If you thought the switchover to digital television was going to be a challenge, spare a thought for the regulators, policy makers and engineers who are already tasked with trying to figure out the best way of re-allocating the spectrum freed up by switching off the analogue broadcasting signal.
There are a multitude of possible new uses for the spectrum released by switchover, including re-allocating (or re-gifting) it back to the very broadcasters who previously used it in order for them to deliver HD and other services.
Mobile providers are also launching a campaign to ensure an allocation for mobile TV over DVB-H, or extending 3G and rolling out mobile broadband services. Some countries may even look to allocate the spectrum to defence and/or emergency service uses. Or it could well be a mix of all of the above – although the resource is finite – hence the issue.
It was this re-allocation process that provided the focus for an event run today by Policy Tracker. Unfortunately, I was only able to attend the first couple of sessions – but the roster of speakers for the day looked very strong indeed. I hope that Policy Tracker will look to do more events, if they are of this calibre.
The first two sessions focused mainly on the problems associated with harmonisation. It is essential that adjoining states will have to work together to allocate spectrum, if there are not to be interference issues. The ITU’s Regional Radiocommunication Conference (RRC-06) which will be held in Geneva between May 15 and June 16, aims to provide the necessary regulatory framework for national regulators such as Ofcom as they look to re-allocate. This framework will not limit or determine the re-allocation but ensure licence holders meet certain requirements to ensure harmonious use – enforced by national regulators.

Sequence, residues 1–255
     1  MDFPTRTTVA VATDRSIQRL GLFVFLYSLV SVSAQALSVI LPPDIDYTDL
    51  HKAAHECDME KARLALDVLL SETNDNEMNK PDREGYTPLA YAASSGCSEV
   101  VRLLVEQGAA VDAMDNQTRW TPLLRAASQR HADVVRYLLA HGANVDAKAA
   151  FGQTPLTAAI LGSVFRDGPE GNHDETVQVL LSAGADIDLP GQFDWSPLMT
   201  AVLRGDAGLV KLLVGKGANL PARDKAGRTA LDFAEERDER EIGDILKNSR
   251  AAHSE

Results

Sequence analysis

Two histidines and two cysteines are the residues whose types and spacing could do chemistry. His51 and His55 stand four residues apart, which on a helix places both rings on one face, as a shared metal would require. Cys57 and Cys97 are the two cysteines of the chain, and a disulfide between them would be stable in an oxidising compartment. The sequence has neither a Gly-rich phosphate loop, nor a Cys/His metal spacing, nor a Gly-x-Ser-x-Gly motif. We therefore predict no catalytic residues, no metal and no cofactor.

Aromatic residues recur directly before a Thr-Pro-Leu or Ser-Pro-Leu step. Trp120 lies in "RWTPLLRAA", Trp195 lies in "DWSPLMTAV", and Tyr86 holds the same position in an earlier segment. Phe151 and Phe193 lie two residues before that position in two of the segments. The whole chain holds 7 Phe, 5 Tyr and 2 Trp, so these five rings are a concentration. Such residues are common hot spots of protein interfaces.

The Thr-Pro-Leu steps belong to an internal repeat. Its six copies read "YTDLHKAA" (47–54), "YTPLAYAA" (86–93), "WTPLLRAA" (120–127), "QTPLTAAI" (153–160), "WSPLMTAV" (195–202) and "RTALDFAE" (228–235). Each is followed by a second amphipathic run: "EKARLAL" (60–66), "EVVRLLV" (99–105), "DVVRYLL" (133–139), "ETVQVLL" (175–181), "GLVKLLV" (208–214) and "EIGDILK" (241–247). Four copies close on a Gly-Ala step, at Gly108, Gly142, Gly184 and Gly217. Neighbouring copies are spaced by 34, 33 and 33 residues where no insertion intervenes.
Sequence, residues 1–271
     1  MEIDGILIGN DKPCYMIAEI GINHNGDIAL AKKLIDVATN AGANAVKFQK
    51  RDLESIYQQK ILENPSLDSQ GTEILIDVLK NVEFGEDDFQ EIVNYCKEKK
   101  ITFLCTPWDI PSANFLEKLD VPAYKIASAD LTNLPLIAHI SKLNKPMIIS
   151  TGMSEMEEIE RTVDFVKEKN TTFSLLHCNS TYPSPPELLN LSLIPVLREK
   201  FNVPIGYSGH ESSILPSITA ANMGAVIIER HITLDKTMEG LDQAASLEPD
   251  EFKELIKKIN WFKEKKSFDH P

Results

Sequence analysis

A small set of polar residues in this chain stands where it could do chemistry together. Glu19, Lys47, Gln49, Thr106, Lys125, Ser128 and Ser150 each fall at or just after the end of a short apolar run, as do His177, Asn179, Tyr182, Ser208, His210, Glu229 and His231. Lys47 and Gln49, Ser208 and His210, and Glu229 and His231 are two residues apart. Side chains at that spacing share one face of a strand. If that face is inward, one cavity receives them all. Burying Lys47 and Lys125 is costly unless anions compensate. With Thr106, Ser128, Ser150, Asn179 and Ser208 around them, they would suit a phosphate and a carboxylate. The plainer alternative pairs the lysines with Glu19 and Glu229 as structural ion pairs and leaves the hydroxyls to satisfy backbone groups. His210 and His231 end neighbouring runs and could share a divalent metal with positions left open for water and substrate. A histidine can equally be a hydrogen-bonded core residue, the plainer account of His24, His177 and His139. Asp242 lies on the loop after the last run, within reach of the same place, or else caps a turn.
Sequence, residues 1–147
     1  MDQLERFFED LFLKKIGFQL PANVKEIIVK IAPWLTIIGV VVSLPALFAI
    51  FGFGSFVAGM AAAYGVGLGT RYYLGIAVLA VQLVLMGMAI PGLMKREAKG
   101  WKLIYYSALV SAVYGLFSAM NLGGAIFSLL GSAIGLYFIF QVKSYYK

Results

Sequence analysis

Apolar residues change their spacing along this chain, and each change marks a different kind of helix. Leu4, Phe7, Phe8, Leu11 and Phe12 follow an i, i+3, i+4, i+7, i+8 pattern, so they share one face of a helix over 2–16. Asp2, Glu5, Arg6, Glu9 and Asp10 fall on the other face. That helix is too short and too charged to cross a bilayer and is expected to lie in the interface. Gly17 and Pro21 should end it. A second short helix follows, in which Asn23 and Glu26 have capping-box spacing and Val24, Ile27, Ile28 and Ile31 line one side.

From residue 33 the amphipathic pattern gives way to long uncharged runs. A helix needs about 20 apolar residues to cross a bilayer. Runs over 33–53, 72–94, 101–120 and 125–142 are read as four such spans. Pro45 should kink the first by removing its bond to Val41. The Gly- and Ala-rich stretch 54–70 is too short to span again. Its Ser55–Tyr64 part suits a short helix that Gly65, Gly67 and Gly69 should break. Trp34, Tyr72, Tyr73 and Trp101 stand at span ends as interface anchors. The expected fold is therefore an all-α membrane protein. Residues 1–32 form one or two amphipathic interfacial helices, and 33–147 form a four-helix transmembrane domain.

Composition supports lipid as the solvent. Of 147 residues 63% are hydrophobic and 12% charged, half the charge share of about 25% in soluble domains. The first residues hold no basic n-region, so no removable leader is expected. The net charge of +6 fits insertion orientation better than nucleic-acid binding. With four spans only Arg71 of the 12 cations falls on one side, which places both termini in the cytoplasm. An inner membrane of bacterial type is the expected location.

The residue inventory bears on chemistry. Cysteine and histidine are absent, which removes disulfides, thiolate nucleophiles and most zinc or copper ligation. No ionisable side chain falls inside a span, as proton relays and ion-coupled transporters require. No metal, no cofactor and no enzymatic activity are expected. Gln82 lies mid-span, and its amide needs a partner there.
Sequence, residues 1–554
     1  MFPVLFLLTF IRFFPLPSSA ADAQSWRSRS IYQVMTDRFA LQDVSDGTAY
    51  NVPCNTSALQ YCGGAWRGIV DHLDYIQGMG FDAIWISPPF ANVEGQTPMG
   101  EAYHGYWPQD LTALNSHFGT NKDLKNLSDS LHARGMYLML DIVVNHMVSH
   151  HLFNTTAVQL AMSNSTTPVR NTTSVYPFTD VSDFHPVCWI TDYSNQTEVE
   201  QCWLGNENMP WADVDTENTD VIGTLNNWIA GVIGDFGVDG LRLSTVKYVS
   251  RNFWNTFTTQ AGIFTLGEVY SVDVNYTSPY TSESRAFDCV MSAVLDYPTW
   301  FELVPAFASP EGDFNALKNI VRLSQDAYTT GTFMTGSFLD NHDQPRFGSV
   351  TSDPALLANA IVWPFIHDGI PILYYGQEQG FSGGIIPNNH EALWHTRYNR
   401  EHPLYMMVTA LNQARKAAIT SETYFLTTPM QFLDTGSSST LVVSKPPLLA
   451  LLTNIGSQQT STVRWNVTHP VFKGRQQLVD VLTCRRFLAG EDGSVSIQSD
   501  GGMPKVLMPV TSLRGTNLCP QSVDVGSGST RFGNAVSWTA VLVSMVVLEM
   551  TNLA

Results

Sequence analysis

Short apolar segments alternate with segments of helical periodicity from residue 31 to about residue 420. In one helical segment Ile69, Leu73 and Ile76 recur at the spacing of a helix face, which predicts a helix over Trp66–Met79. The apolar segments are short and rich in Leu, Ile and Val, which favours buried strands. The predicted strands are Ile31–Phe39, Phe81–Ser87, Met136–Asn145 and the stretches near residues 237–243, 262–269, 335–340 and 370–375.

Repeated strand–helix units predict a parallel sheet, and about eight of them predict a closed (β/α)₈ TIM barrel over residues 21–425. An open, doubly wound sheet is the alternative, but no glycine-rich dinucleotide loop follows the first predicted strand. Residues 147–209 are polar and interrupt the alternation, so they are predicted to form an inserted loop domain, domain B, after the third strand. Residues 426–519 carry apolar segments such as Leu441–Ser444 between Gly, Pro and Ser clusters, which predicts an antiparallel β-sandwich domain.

It was interesting to note that London’s geographical location – and possible interference in parts of France and Holland – will mean that any allocation for DVB-H services will effectively have to wait until 2012. Ofcom have already stated this – but pressure will surely start to mount when other European cities (where there are no associated interference issues) will start rolling out DVB-H mobile TV starting in 2007.
Interesting comments from Roberto Ercole of the GSM Association, who said that mobile providers were currently unsure about how the reallocation process would work. He said that the industry faced three key issues – regulatory uncertainty, not knowing whether mobile TV would come under the same regulations as broadcasting, and the possible fragmentation of markets due to allocations differing across regions.
Of course regulatory uncertainty is same for all those looking to unlock the digital dividend (although some argue that the broadcasters are well positioned because they already sit on the spectrum). Whatever happens its going to be a complex and highly political interplay between policy makers, regulators and transnational organisations such as the ITU.
There is a very difficult balance to strike, ensuring that there is enough incentive for potential users to keep investing and developing technologies whilst also ensuring that the released spectrum will be used in the most productive and efficient manner.
A particularly pertinent question from one delegate – that didn’t get an answer – what is that citizen/consumers will get from the re-allocation? Afterall it is citizen/consumers who are effectively having to pay to release the spectrum. Ofcom’s initial proposals on the issue suggest that this is a question that they will look to answer – so we’ll wait and see.